The skinny on the CDC obesity reportPosted by Craig Westover | 10:57 AM |
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This note from the Cato Institute's Randy Balko regarding the announcement from the Centers for Disease Control and Prevention that its obesity report was flawed.
"The CDC's announcement that it will lower its estimate of deaths attributable to obesity is some welcome sanity in the obesity debate, but it's troubling that the original number of 400,00 deaths per year was ever published and touted to begin with. According to LexisNexis, that number was used in media reports over 1,500 times. It has been widely cited by anti-obesity activists to call for widespread and intrusive government programs that restrict consumer choice and punish the food industry. Now we learn that critics were right, and the number was grossly inflated, perhaps by as much as 400 percent. The lesson here for the media is to be more skeptical of hysterical obesity research. The lesson for policy-makers is to resist rash reactions to media frenzies. And the lesson to all of us is to be wary of researchers, government officials, and activists who attempt to use junk science to trespass on personal freedom."The Associate Press is reporting that the widely circulated CDC study, which stated that obesity is about to overtake smoking as the No. 1 cause of death in the United States, contained statistical errors and may have overstated the problem, health officials acknowledged Tuesday. The government is working on a rare correction to the study. From the AP story --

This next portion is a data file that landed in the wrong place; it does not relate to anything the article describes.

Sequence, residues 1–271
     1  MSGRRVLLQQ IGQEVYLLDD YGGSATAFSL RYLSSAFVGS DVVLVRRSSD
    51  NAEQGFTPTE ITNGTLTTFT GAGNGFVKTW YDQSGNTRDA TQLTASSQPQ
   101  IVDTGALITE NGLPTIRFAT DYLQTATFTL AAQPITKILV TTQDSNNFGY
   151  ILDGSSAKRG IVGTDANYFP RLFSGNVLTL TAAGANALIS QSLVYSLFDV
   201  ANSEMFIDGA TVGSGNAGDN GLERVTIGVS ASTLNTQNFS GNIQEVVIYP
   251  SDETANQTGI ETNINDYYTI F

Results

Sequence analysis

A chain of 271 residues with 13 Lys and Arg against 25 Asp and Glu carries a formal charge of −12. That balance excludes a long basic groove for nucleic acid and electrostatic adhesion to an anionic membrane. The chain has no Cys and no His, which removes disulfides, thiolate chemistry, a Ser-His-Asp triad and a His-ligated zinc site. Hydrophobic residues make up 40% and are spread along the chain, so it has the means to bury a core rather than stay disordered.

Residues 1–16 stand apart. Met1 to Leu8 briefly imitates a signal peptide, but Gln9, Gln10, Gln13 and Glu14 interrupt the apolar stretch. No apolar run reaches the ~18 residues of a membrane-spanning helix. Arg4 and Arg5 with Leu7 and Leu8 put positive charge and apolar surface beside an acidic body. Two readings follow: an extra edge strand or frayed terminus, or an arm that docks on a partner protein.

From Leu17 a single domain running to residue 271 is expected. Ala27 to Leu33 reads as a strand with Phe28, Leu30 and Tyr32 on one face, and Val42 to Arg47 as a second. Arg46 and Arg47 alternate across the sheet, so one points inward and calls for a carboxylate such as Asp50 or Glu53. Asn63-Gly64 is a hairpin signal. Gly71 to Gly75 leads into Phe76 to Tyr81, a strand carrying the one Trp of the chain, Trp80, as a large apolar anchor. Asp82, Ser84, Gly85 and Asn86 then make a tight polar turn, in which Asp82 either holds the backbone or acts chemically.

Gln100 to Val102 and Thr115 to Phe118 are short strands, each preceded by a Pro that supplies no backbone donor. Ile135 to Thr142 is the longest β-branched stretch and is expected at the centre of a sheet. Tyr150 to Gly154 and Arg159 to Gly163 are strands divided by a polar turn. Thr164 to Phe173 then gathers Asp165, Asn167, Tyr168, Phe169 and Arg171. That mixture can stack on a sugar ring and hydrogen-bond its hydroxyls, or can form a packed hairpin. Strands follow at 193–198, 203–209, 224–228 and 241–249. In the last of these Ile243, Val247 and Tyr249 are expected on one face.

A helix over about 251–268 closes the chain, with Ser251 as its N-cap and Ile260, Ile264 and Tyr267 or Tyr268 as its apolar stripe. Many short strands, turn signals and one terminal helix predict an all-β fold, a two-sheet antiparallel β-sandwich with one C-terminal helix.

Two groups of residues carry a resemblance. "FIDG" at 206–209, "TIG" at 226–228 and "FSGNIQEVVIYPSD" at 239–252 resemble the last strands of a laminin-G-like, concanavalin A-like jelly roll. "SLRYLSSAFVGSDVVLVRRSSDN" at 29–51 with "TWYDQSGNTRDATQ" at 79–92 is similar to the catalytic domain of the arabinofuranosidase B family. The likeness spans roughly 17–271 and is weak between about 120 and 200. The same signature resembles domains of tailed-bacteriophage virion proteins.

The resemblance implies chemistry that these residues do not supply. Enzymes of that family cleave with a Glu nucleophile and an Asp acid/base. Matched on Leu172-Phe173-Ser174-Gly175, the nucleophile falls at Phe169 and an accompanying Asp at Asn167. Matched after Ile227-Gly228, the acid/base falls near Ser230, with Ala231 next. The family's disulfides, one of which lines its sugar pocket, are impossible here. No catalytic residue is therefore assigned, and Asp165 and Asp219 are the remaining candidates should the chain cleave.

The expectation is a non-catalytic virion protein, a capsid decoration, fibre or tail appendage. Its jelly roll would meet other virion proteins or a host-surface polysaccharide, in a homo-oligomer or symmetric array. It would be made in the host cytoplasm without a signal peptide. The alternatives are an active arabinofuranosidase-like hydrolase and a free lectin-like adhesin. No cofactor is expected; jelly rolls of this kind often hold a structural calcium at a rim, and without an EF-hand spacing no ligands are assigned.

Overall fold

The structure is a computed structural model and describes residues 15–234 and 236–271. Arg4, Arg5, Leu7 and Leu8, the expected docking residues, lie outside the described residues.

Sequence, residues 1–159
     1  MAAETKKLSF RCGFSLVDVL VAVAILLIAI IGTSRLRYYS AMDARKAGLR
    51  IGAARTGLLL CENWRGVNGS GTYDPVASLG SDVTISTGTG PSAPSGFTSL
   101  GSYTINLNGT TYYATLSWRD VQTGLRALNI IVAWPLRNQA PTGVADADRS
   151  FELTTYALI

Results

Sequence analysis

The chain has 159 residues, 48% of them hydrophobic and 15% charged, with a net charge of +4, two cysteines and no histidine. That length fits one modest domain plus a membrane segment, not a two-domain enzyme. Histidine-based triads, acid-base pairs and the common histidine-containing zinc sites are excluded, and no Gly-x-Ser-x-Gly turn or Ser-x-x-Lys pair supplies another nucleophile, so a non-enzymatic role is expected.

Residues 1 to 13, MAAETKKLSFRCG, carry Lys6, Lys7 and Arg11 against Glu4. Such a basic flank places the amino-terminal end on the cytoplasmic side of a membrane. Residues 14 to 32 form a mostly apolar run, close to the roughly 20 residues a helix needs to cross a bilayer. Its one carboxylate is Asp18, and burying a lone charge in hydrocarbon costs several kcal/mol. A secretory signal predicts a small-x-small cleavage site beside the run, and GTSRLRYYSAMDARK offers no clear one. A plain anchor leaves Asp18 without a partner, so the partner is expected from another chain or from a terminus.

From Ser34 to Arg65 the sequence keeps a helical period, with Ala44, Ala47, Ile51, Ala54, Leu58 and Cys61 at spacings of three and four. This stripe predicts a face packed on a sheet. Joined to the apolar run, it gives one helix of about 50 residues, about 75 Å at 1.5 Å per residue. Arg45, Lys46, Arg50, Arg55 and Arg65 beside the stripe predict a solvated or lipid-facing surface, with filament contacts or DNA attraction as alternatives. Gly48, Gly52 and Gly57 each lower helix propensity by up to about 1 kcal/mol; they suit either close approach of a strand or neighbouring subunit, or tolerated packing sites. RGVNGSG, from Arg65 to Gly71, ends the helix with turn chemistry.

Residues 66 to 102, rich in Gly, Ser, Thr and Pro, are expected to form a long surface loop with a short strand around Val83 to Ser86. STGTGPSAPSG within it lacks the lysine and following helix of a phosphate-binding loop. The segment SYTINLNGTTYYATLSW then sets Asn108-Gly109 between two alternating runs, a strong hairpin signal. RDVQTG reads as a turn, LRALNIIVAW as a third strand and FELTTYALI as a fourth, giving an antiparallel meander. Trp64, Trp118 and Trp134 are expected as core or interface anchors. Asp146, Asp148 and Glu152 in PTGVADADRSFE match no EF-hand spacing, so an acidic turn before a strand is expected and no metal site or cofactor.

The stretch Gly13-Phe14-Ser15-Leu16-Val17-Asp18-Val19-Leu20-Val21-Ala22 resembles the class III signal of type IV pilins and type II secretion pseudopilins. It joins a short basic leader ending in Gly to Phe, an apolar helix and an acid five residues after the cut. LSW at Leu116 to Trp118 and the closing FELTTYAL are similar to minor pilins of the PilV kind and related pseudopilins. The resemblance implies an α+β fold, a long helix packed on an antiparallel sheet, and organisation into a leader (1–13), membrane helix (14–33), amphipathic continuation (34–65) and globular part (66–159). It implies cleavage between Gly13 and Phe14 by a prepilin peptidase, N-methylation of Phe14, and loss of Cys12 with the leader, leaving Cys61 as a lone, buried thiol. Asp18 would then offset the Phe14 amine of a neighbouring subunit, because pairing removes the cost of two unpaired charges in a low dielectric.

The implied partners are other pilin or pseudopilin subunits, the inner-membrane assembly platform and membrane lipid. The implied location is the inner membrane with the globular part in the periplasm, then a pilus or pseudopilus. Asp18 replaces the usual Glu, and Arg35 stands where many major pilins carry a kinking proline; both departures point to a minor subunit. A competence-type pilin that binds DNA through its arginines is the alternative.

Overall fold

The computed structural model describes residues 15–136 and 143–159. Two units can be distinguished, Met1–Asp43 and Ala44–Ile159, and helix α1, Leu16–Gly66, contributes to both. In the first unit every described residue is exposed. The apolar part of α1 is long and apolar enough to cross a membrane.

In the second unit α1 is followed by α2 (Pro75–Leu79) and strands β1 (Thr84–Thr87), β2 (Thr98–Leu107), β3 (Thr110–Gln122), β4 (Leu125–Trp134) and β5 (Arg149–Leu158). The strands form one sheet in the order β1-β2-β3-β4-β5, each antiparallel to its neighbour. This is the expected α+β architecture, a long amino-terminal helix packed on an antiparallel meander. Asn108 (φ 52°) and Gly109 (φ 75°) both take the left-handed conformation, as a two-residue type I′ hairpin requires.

The Centers for Disease Control and Prevention said in March in a study co-authored by its director, Dr. Julie Gerberding, that poor diet and physical inactivity were responsible for 400,000 deaths in 2000, a 33 percent jump from 1990.If that doesn't "reinstate your faith" in government management of health issues, perhaps this will (also from the AP) --
Although CDC officials declined to specify the corrected number of deaths, saying they are still determining the correct number, The Wall Street Journal reported that the agency may have overstated the figure by 80,000, representing an increase of less than 10 percent from 1990 to 2000. The errors were first reported by the Journal on Tuesday.
The agency also has asked the Institute of Medicine, a federal scientific advisory organization, to hold a two-day workshop next month in Washington to reach a consensus on the proper way to calculate the health effects of obesity. That is because the study also caused disagreement in scientific circles over how deaths can be labeled obesity-related.They might also want to tackle the methodology for determining how deaths can be attributed to smoking and secondhand smoke while they are at it. The CDC put the number of obesity deaths at 400,000, compared with 435,000 from tobacco.
But the final "feel good about your government" item is this -- the Rathergate defense of the study ("the memos may not be authentic, but their content is accurate") --
But even when the errors are corrected, a [spokesperson] said, "it's not going to change the fact that obesity is the second leading cause of preventable death."Unfortunately, we'll continue to see the original CDC figures tossed about as justification for more spending on federal and state obesity programs that aren't properly a function of government.